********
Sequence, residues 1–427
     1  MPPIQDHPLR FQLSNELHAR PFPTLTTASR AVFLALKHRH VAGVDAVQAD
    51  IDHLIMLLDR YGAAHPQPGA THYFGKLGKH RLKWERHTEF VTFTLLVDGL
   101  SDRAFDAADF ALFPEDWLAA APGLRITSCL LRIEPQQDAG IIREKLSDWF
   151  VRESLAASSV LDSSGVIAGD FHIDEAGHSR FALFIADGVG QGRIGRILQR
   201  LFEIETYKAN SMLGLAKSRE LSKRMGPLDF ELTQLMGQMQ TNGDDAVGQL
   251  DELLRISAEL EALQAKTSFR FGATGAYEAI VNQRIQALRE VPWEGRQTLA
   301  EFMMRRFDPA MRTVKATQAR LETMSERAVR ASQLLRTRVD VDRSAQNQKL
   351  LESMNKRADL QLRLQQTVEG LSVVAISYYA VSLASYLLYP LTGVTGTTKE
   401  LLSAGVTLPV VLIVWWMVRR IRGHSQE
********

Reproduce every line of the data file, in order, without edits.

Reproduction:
Sequence, residues 1–427
     1  MPPIQDHPLR FQLSNELHAR PFPTLTTASR AVFLALKHRH VAGVDAVQAD
    51  IDHLIMLLDR YGAAHPQPGA THYFGKLGKH RLKWERHTEF VTFTLLVDGL
   101  SDRAFDAADF ALFPEDWLAA APGLRITSCL LRIEPQQDAG IIREKLSDWF
   151  VRESLAASSV LDSSGVIAGD FHIDEAGHSR FALFIADGVG QGRIGRILQR
   201  LFEIETYKAN SMLGLAKSRE LSKRMGPLDF ELTQLMGQMQ TNGDDAVGQL
   251  DELLRISAEL EALQAKTSFR FGATGAYEAI VNQRIQALRE VPWEGRQTLA
   301  EFMMRRFDPA MRTVKATQAR LETMSERAVR ASQLLRTRVD VDRSAQNQKL
   351  LESMNKRADL QLRLQQTVEG LSVVAISYYA VSLASYLLYP LTGVTGTTKE
   401  LLSAGVTLPV VLIVWWMVRR IRGHSQE